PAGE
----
this 22nd day of April 2022.  
Bruce P. Archibald, Q.C.  
Compliance Officer I  
Job Posting  
Halifax Regional Municipality is inviting applications for the permanent, full-time position of  
Compliance Officer I in the Parking Services section of TPW. This is a bargaining unit  
position. In the event that there are no qualified NSUPE candidates, applications from candidates  
in one of our Employment Equity Groups: African Nova Scotians, racially visible persons,  
women in non-traditional positions, persons with disabilities, Aboriginal persons, and persons of  
the LGBTQ+ community will be preferred. HRM encourages applicants to self-identify.  
As a member of the Parking Services Team, reporting to the Supervisor, Parking Enforcement,  
the Compliance Office I (COI) is primarily responsible for enforcing Municipal Legislation  
related to parking enforcement and front line compliance in a range of legislation including but  
not limited to:  
Parking Meter By-law  
Motor Vehicle Act  
Taxis and Limousines By-law  
Streets By-law Part 1, Section 5 Icicles, Part 2, Section 10 Littering, Section 11  
Maintenance of Grass  
Solid Waste Collection and Disposal By-law Part 14  
In delivering the service, the COI is responsible for regulatory work in ensuring compliance with  
parking regulations. The role of parking enforcement is to support the Traffic Authority and  
Police Services in delivery of the parking enforcement program for public safety and traffic flow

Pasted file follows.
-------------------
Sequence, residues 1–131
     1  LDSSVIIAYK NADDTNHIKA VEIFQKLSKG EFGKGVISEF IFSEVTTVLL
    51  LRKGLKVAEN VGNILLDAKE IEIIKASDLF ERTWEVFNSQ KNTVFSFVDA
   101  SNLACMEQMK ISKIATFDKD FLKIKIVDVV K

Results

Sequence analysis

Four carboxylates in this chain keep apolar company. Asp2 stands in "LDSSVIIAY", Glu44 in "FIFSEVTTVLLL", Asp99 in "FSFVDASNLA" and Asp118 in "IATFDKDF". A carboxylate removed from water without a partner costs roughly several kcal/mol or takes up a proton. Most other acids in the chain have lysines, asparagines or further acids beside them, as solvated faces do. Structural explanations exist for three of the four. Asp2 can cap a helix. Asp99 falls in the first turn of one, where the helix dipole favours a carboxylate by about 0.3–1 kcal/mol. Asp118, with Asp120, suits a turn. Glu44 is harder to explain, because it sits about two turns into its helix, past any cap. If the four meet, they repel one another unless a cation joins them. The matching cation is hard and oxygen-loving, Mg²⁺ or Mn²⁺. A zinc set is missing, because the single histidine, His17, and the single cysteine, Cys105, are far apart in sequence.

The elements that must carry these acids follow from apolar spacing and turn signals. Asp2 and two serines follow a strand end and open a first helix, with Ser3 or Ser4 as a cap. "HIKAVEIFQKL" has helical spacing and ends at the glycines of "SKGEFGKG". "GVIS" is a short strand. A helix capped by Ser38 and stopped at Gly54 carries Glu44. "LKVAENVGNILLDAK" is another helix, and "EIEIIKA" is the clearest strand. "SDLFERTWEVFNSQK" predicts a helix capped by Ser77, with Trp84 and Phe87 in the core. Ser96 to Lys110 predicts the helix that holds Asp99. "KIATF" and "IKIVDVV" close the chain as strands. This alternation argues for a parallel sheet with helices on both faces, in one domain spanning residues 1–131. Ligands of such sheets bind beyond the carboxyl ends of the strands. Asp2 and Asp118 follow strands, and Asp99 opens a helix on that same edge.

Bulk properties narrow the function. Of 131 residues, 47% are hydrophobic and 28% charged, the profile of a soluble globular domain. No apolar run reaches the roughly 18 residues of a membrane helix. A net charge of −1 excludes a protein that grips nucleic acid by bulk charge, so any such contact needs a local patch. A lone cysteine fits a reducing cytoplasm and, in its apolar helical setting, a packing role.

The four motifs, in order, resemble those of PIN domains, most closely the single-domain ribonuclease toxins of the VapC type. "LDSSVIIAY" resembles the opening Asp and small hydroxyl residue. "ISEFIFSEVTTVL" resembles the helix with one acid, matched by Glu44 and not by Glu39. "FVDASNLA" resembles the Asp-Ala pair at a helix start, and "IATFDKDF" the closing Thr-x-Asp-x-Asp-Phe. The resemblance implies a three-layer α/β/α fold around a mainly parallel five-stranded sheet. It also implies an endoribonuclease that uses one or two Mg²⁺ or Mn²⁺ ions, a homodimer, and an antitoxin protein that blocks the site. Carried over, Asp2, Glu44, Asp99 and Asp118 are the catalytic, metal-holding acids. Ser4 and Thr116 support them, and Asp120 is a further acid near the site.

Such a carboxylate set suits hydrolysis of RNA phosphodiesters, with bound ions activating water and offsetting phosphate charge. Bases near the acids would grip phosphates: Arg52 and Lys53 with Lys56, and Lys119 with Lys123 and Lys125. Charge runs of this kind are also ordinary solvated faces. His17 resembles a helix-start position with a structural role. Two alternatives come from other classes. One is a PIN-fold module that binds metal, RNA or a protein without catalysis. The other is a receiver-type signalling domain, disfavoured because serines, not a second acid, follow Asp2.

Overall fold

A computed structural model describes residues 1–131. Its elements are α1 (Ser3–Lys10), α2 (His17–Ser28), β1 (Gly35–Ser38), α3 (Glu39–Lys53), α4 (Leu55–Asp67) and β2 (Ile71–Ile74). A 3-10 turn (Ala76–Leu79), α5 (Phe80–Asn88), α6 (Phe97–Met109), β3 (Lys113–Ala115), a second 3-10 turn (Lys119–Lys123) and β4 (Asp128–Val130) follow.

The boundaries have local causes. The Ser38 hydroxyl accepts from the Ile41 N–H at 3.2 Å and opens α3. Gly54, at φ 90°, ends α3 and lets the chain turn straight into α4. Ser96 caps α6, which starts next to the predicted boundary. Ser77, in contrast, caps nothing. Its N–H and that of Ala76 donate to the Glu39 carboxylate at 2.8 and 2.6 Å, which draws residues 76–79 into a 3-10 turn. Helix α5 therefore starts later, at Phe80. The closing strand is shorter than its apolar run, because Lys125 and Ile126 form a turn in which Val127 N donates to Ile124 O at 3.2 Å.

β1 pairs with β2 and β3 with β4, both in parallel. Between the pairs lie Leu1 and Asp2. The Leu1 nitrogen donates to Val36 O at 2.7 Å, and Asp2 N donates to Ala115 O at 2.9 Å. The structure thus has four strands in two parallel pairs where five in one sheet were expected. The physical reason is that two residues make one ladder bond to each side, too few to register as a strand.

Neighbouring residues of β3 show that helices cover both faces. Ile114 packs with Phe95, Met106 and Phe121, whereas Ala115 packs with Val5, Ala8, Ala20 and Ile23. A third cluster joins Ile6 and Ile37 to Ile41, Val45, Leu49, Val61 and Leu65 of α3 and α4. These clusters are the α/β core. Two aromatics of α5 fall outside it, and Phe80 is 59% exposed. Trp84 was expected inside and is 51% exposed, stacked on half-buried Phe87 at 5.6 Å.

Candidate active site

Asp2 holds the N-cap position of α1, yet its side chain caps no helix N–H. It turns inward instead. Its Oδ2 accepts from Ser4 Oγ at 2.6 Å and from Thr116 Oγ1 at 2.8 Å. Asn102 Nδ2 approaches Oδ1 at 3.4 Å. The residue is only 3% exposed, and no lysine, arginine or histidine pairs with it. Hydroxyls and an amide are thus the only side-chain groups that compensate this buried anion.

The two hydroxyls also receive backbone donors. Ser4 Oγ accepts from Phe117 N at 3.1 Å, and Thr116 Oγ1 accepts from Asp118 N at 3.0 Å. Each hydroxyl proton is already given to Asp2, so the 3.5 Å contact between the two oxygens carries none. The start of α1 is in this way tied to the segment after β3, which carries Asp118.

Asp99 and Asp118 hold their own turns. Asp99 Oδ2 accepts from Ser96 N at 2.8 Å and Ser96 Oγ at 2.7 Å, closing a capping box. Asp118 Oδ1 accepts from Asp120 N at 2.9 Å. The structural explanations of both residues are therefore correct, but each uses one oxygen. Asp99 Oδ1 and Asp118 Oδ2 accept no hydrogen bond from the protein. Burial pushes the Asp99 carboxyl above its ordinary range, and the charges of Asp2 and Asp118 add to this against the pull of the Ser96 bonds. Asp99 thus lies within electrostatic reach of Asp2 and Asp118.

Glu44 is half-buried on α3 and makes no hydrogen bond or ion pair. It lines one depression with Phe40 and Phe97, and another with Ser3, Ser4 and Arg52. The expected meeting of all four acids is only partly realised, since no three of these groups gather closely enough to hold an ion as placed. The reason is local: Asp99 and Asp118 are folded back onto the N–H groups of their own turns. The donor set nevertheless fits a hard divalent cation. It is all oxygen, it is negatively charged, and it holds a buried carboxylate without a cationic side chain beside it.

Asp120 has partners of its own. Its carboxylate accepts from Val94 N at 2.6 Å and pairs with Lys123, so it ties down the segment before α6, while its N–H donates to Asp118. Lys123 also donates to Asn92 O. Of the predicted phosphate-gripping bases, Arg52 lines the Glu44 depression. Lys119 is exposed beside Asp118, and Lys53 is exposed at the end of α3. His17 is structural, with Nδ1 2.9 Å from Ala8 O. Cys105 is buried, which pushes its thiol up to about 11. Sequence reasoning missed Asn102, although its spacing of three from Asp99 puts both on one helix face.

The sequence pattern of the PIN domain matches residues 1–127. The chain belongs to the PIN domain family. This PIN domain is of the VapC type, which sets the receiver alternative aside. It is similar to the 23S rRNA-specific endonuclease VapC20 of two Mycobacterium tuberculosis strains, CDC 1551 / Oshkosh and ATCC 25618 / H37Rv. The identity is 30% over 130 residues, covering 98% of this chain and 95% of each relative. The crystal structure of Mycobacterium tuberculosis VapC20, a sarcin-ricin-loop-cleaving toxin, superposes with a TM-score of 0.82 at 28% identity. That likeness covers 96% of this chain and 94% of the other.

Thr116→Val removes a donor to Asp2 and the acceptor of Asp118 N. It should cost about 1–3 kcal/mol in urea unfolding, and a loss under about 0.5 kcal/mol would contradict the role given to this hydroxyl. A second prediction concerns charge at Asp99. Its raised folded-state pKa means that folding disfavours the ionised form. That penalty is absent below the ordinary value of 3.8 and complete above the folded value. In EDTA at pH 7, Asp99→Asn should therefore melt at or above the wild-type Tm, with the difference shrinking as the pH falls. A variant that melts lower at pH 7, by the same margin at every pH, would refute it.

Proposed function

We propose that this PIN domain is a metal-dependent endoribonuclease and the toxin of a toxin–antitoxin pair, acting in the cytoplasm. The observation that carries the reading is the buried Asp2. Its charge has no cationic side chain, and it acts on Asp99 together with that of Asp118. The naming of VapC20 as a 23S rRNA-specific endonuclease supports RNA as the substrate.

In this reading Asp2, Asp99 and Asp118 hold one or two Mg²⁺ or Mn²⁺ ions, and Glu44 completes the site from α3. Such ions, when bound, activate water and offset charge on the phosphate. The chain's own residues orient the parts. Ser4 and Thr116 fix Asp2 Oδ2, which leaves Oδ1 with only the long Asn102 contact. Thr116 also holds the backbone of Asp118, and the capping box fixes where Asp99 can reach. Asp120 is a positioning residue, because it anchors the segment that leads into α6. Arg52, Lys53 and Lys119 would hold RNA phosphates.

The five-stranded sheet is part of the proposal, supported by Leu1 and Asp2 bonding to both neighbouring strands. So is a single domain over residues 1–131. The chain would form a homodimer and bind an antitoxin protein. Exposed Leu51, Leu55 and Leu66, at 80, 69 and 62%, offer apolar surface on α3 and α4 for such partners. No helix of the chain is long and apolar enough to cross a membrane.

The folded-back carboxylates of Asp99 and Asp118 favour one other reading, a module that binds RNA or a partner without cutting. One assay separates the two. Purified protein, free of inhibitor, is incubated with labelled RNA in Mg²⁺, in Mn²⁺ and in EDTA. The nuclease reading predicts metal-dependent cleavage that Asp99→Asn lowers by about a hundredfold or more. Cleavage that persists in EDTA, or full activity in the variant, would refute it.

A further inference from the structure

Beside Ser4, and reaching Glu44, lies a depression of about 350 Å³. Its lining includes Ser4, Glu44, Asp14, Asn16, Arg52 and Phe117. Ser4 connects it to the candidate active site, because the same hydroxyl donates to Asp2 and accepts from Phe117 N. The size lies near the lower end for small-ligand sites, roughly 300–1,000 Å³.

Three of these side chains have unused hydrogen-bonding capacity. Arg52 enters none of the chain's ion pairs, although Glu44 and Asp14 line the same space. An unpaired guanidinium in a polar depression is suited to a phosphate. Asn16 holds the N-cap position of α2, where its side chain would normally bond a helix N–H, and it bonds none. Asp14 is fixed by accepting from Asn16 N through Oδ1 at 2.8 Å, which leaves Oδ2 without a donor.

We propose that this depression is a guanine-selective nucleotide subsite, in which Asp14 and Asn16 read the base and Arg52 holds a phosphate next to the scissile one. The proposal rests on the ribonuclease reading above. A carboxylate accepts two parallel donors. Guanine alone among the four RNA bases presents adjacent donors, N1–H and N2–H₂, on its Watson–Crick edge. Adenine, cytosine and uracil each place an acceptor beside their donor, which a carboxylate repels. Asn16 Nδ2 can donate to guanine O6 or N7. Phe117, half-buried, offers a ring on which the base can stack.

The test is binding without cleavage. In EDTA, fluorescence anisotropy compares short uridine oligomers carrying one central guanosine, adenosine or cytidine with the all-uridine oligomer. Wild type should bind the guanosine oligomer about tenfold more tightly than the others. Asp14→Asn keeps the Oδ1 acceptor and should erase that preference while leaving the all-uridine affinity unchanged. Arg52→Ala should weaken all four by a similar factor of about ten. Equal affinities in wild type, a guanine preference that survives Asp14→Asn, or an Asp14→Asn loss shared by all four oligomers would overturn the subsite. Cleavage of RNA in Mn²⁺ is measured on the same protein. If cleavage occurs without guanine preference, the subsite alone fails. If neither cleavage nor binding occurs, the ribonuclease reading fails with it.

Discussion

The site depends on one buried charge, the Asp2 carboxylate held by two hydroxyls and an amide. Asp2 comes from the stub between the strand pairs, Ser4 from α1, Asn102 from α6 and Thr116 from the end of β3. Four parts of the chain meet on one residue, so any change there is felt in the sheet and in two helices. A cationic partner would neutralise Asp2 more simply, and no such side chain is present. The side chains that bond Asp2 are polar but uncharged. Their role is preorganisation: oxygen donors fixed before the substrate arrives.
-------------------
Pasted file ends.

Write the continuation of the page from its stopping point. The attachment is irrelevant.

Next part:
The COI also responds to by-law complaints on both HRM right-of-way and private property.  
The objective is to gain compliance through education, enforcement notifications and if required  
court proceedings. The COI works closely with other regulatory staff and agencies to ensure  
compliance. The COI is sworn as a Special Constable under the Police Act.  
Educates and provides information to the public regarding municipal legislation.  
Interprets and enforces legislation.  
Issues parking tickets, arranges for towing/seizure of vehicles.  
Monitors assigned areas of specific concern regarding parking complaints and advise of  
any potential parking or public safety concerns to the appropriate departments.  
Attends night court when subpoenaed.  
Conducts investigations regarding alleged by-law violations.  
Documents appropriate case file information while conducting investigations.  
Ensures public compliance with municipal by-laws through negotiation, education,  
issuance of tickets, laying of charges and preparing and serving Orders.  
Conduct inspections on taxis, limousines and vending vehicles.  
Issues Ordersor Noticesas required by HRM By-laws.  
Lays charges before the courts (long form information) or issuance of Summary Offence  
Tickets (SOT) to individuals who violated legislations.  
Compiles evidence for the appointed Administrator and/or Municipal Solicitor.  
Represents HRM as a witness in prosecution proceedings.  
Liaises with HRM Legal, other business units and individuals related to the enforcement  
of municipal by-laws.  
Serves summonses and legal documents.  
Tracks and saves digital photo evidence through established process.  
Use of handheld parking ticket equipment, two way radios and cell phones.  
Daily use of a computer to input inspection data, communicate with other staff and  
external clients, develop correspondence, reports, and Orders.